Welcome to the Wonderful World of Gardening!
Gardening is a rewarding hobby that can provide you with fresh food, beautiful flowers, and a sense of accomplishment. It's also a great way to get outdoors and connect with nature and ground a bit (if that's your thing). But if you're new to gardening, it can be a bit daunting. Where do you even begin?
Don't worry, I'm here to help. Because I'm also a complete novice and am learning from the beginning. We can do it together!
This blog post will walk you through the basics of getting it all started and the things I'm doing as a novice gardener.
Step 1: Choose your plants.
Before you start planting, you need to decide what you want to grow. Do you want to grow vegetables, flowers, herbs, or a combination of all three? Once you know what you want to grow, you can do some research to find out which plants are best suited for your climate and growing conditions. I have a note on my phone I add plant and flower varieties so if I'm out and about or hear someone mention one that sounds appealing I add it to the list. For example, here's what's in mine.
African blue basil
I also have a garden journal where I can write down times in my calendar when it's planting season for each particular one, and any other info I might need to help me stay organized. Maybe try that to get your head going in the right direction!
Here are some things to consider when choosing plants:
Your climate: Some plants are more tolerant of cold weather than others. If you live in a cold climate, you'll need to choose plants that can withstand the frost. Just go online and google your zone (mine is 8b). This will be your guide to the climate in your area.
Your sunlight: Some plants need full sun, while others prefer partial shade. Be sure to choose plants that are right for the amount of sunlight your garden gets and consider this when setting up the location you plan to plant.
Your soil: Different plants have different soil requirements. You'll need to amend your soil to make sure it's right for the plants you want to grow.
Step 2: Prepare your planting area.
Once you've chosen your plants, it's time to prepare your planting area. This will involve clearing away any debris, loosening the soil, and adding compost or other organic matter. If you want to get fancy, you can draw out a grid on Canva or just good old-fashion paper and make note of the locations where you want to place your plants. Keeping in mind the sunny spots, and what plants like to be paired with each other. Something I'm still having to research and if you're a novice gardener too, might help, is just start with one you're interested in say "green beans". Listen to a podcast about growing green beans the next time you cook or sit and fold laundry. Learn what you can about that particular veggie and write down notes later in your garden journal.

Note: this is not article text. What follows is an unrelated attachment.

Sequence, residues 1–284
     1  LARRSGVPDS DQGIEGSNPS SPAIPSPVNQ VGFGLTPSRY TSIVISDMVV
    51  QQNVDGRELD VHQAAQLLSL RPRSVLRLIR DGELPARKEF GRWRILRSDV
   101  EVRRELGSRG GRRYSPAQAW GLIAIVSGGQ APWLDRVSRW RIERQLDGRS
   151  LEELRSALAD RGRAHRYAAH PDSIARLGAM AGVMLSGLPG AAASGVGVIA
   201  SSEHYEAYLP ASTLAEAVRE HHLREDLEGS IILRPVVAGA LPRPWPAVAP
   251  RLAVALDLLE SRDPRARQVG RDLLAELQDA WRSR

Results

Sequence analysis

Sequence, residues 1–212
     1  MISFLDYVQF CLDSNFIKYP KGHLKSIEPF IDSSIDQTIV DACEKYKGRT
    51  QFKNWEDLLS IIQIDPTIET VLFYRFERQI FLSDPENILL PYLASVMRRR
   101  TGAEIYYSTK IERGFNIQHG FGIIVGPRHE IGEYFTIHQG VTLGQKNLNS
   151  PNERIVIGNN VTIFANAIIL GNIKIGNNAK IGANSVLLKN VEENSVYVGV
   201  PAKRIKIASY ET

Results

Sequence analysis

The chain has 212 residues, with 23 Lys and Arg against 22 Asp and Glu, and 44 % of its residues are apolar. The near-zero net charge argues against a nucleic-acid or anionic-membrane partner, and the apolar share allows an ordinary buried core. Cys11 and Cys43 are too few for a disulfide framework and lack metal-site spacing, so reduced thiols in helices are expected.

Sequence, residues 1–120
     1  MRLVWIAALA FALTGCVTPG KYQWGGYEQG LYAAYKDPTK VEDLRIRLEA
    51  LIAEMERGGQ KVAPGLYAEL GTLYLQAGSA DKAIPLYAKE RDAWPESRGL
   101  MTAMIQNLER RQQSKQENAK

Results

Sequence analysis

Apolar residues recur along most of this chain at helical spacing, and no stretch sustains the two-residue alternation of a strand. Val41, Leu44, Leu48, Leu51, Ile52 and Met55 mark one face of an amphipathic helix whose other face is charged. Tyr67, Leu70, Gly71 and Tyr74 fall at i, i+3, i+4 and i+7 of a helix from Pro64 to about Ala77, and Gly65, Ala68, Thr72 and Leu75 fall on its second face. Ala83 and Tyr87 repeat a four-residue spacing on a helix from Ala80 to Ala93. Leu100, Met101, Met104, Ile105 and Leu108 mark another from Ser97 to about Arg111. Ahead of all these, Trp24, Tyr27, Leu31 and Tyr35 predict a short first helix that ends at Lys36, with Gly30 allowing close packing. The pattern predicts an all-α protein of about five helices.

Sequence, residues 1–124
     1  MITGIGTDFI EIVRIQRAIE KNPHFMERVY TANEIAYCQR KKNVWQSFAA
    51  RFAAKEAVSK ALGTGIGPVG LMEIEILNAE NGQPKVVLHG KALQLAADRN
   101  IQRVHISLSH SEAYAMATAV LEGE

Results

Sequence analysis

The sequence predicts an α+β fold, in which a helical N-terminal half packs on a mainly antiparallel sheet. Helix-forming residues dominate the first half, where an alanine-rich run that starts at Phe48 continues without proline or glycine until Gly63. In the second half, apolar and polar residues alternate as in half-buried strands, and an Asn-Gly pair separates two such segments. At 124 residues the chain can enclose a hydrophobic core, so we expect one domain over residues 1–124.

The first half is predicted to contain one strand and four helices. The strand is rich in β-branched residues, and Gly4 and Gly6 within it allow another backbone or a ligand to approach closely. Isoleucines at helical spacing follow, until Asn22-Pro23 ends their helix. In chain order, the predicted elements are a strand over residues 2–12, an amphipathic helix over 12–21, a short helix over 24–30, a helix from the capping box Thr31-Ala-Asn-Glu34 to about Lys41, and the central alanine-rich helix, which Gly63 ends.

Step 3: Get Advice & Help
I used to be such a stickler for wanting to learn things on my own, sort of a self-discovery kinda gal but when it comes to gardening since it can be so overwhelming and easy to screw up, getting advice is important. Last week I listened to a podcast purely dedicated to growing beets. I downloaded some gardening books on my Kindle, found some books at the thrift store on flowers, and even went on EventBrite to sign up for some online class style gardening webinars. Here's the link to the Hobby and Craft webinars currently available. It's fun to learn new stuff and if you're a homebody like me, a little social interaction can do you good.
This past month we also went to the Home & Garden show, where I bought two dahlia varieties and that was a great place to ask the experts about gardening tips. The owner of Dan's Dahlia's invited us down any time to take a peek at his open dahlia garden this summer, and hands out a super informative care-sheet when you make a purchase. His advice for these particular dahlia's in our region is to plant them around mother's day which is an easy day to remember. There's also a lavender festival around here in July I was informed of so that's on the agena too! To help stay motivated, maybe book yourself in to some classes, workshops, and events that pertain to flowers and veggies so you can keep up the momentum!
Gardening is a journey, not a destination. There will be successes and failures along the way, but the most important thing is to enjoy the process. So get out there, get your hands dirty, and enjoy the fruits (and vegetables!) of your labor.
Enjoy your starter garden planning!